"We think we need to consolidate some of our facilities within California, and we may need to remodel others, and at the end of five years we could end up with the same number of facilities, though the mix may be different."
Unified has five warehouses in Southern California, three in Northern California, one in Portland and a small facility in Seattle.
"What we're looking to do is reconfigure those facilities around fast- and slow-movers and high- and low-volume items," Plamann said. "We know what we want to do conceptually, but we're not sure yet how to take the fullest advantage of what we have."
The initial changes are likely to occur in Northern California, where Unified expects to decide by early summer what it wants to do and then to spend a year implementing that decision, he said.
Providing easier access to retail support services by setting up a Web site linking retail customers with outside vendors for information on marketing, advertising, sales and business solutions. "Right now, those services are scattered in different places and it's hard for retailers to take advantage of them," Plamann said. "But creating a single site will make it easier to reach vendors for technical or merchandising assistance."
Reorganizing Grocers Specialty Co., a Unified subsidiary, by dividing it into three divisions: general merchandise/health and beauty care; Hispanic foods, and specialty foods, including organic and natural foods, non-Hispanic ethnic foods, health and diet foods; and high-end and gourmet products.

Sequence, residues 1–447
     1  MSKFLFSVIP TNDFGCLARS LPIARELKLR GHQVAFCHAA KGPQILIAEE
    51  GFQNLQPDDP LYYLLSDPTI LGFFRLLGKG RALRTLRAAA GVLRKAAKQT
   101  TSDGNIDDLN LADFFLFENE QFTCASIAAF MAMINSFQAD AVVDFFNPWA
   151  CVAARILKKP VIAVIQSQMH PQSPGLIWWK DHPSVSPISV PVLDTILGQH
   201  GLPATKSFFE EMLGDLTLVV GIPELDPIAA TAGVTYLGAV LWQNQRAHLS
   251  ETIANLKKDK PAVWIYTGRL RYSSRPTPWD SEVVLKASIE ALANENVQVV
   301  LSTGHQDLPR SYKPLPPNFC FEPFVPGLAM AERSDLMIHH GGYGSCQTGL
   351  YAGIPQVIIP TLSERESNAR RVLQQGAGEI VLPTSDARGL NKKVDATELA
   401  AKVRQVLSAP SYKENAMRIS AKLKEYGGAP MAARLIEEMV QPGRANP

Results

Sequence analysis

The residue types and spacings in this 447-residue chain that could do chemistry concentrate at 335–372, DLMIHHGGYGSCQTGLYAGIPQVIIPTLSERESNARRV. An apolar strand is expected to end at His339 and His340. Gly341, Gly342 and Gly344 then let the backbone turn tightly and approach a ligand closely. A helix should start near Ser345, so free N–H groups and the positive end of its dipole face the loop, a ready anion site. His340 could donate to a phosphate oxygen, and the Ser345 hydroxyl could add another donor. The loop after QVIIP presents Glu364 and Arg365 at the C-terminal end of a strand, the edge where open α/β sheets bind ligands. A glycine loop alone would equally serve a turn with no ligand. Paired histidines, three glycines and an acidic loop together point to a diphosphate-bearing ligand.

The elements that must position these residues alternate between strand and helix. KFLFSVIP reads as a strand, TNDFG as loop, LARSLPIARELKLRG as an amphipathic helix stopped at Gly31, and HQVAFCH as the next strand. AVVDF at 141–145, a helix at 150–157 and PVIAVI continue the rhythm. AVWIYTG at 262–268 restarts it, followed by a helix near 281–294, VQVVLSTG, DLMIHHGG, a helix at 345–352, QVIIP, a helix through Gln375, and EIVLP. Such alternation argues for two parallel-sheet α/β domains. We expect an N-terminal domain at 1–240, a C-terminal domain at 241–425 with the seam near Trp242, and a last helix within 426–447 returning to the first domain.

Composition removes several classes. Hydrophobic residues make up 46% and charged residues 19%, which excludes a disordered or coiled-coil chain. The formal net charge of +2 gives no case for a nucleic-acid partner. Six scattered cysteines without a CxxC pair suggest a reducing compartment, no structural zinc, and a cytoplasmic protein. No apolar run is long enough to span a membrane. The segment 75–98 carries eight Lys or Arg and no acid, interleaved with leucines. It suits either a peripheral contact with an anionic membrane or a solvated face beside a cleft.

Introducing a patronage certificate program in lieu of annual patronage dividends to strengthen the company's capital structure.
Unified paid out $14.9 million in patronage dividends last year, "and we will still pay those dividends," Plamann explained. "But instead of distributing the money in cash, we will give members a note that pays interest.
"We're not doing this to plow the money back into the business for new projects. But having that money will enable us to reduce our borrowing levels and build our equity base."
"And at the end of six years, members will get a refund on the first year's certificate that will include five years of accumulated interest," PIlliter said, "so it's a positive for customers."
However, Unified will continue to pay cash dividends on dairy sales "because that's such a competitive category, and paying the dividend in cash enables retailers to build that rebate into pricing on a more current basis," Pilliter said.